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The Tribunal for Putin (T4P) global initiative was set up in response to the all-out war launched by Russia against Ukraine in February 2022.

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Savage sentences against Crimean Tatar journalists for reporting on Russia’s ‘state terrorism’ in occupied Crimea

25.11.2022   
Halya Coynash

From back left clockwise Rustem Sheikhaliev, Enver Ametov, Yashar Muyedinov, Ruslan Suleimanov and Osman Arifmemetov The men’s T-shirts say, for example, that ’A journalist is not a terrorist’ and speak of the lies with no time bar of 1783, 1944 and 2014 Photo Crimean Solidarity

From back left clockwise Rustem Sheikhaliev, Enver Ametov, Yashar Muyedinov, Ruslan Suleimanov and Osman Arifmemetov The men’s T-shirts say, for example, that ’A journalist is not a terrorist’ and speak of the lies with no time bar of 1783, 1944 and 2014 Photo Crimean Solidarity

The Russian ‘court’ providing conveyor-like sentences against Crimean Tatar and other Ukrainian political prisoners has handed down 13-14-year sentences against three civic journalists and two activists taken prisoner in Russia’s most ferocious and internationally condemned attack to date on the Crimean Tatar human rights movement. 

The 14-year sentences against Crimean Solidarity civic journalists Osman Arifmemetov; Rustem Sheikhaliev and Ruslan Suleimanov and 13-year sentences against civic activists Enver Ametov and Yashar Muyedinov were, unfortunately, no surprise.  Although not one of the men was accused of any recognizable crime, the only question mark in this political ‘trial’ was how long the harsh-regime sentence would be for, and how many years would be in a prison, the absolute worst of Russia’s penal institutions.  Prosecutor Yevgeny Kolpikov demanded sentences of 15-17 years, with 5 years in a prison.  ‘Judges’ Viacheslav Korsakov (presiding); Denis Galkin and Igor Shendrikov from the notorious Southern District Military Court in Rostov made it 13-14 years, with 4 years in a prison.  The number of years appears to be fairly arbitrary, with the sole certainty being that the FSB officers who concocted the charges, the prosecutor and ‘judges’ were all perfectly well aware that they were taking part in imprisoning innocent men.   Not only were the charges themselves fundamentally flawed, but the alleged ‘evidence’ was clearly fabricated.  During the court hearings, Lilia Hemedzhy, Suleimanov’s lawyer, pointed out that the FSB were supposed to have been watching the five men on suspicion of ‘terrorism’ for seven years, yet the only ‘evidence’ provided had been from four ‘secret witnesses’ whose claims cannot be verified.  No grounds have ever been provided for allowing anonymous ‘witnesses’, yet, in this case and others, the ‘judges’ systematically blocked the defence’s attempts to demonstrate that they are lying.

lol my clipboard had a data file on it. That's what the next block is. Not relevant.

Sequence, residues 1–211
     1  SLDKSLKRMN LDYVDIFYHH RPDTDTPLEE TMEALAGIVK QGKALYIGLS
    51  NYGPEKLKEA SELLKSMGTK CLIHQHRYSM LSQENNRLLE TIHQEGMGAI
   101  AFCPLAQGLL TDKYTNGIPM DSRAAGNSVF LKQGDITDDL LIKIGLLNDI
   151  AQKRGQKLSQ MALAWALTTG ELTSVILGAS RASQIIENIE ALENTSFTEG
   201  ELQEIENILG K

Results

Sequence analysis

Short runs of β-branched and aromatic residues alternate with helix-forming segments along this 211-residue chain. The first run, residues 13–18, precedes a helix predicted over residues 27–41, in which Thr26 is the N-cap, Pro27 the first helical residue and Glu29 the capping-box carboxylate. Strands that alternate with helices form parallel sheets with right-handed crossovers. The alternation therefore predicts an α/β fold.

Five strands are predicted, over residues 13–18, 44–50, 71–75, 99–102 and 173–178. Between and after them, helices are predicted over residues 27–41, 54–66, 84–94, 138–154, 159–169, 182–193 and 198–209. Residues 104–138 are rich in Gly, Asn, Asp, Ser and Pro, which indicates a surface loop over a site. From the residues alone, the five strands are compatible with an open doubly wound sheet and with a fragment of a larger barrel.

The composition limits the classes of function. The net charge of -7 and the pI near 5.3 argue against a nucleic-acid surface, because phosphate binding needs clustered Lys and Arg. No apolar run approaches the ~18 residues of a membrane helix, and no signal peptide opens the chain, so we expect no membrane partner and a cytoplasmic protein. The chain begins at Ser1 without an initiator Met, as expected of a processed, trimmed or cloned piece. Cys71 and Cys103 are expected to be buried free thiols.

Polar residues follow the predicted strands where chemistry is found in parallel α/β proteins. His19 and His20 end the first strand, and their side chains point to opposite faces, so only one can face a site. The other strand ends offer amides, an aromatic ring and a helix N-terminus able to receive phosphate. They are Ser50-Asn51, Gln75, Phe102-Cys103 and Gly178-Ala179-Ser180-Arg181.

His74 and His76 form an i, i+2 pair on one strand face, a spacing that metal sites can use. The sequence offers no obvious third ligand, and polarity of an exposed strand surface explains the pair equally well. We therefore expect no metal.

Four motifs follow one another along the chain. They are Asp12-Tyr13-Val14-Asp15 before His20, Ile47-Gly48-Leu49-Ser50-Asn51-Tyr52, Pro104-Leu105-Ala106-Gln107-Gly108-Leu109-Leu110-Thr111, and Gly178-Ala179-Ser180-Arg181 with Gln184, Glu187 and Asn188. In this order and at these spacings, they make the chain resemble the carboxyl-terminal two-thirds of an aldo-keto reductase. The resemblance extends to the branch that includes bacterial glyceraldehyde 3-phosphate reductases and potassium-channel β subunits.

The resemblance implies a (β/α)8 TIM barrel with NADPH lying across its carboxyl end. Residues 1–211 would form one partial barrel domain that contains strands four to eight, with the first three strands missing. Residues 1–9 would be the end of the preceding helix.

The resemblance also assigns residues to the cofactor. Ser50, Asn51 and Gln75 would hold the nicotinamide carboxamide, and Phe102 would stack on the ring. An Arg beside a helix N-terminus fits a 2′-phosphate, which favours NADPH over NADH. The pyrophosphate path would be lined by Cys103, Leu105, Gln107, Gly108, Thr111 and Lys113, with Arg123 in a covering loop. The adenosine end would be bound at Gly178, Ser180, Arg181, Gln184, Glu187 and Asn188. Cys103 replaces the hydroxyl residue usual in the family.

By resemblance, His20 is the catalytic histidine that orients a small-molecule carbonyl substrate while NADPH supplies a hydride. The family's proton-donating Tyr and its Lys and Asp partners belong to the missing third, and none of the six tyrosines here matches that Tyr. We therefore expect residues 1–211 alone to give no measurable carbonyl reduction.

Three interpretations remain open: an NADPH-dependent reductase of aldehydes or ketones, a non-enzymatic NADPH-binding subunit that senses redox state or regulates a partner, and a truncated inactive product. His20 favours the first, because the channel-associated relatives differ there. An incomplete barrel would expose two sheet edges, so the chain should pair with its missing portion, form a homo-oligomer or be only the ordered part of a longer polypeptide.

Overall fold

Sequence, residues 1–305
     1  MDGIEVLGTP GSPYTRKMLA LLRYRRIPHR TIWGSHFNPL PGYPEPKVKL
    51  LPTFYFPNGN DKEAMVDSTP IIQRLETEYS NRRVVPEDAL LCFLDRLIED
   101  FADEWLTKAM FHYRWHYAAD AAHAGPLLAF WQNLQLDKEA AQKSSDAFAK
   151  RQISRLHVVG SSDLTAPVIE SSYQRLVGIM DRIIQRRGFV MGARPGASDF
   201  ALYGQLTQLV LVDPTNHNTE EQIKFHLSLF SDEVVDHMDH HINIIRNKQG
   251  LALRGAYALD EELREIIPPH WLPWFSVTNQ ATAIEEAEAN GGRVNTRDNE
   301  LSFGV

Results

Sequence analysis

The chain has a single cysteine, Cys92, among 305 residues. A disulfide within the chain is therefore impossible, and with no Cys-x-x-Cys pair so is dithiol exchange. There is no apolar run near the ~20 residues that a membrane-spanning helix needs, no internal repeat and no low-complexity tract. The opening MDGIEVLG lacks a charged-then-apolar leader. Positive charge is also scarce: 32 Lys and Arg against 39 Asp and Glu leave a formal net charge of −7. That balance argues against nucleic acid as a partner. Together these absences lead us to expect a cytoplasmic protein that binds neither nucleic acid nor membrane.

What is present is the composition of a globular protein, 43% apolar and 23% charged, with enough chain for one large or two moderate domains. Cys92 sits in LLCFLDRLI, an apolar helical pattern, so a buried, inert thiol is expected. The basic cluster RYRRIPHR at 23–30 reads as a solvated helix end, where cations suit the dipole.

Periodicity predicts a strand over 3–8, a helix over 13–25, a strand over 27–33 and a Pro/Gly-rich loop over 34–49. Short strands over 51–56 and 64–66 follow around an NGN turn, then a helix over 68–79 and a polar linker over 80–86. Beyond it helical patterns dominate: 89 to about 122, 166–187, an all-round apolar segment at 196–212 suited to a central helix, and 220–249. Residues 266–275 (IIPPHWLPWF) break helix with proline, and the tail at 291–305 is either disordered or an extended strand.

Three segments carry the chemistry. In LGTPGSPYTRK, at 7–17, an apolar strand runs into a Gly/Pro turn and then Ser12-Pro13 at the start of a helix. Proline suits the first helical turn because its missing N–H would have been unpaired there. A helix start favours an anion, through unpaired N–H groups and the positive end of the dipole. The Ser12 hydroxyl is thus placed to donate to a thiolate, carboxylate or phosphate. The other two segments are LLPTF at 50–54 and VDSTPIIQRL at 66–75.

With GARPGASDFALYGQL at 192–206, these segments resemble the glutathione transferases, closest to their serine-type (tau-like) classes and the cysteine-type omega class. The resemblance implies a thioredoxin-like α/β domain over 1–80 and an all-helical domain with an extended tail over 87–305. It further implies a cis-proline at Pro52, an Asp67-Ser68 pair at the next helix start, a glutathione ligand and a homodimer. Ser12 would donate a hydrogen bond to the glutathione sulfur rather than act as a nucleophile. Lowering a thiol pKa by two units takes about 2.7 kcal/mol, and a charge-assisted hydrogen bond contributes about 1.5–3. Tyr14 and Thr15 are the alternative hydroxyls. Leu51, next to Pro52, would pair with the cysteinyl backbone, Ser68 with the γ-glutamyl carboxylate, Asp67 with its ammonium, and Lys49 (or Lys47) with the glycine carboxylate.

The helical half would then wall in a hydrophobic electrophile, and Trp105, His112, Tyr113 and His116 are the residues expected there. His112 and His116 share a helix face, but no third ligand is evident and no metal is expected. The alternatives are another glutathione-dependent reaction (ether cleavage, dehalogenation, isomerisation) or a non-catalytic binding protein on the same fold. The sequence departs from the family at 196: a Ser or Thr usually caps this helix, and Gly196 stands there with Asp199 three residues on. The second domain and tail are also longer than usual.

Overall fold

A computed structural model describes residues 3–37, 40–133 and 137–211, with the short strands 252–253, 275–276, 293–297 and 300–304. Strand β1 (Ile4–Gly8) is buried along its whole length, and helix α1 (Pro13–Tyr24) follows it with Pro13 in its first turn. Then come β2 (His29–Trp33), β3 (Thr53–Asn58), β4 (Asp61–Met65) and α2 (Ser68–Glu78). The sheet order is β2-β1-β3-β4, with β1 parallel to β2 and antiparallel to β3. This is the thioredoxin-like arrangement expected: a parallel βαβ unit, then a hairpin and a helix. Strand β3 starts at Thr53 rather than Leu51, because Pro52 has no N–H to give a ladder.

Worth noting that a 2021 report from the UN Secretary General pointed to numerous violations of the right to a fair trial in occupied Crimea, including the use of anonymous witnesses.  .The report specifically mentioned the use of anonymous witnesses and the active obstruction by the courts of defence attempts to properly question such individuals.  

Given such violations and the sentences passed on 24 November, it would be naïve to believe that the ‘judges’ even listened to the defendants’ final address.  These, however, provide much more insight into the men’s persecution than the fatally flawed charges against them and fabricated ‘evidence’.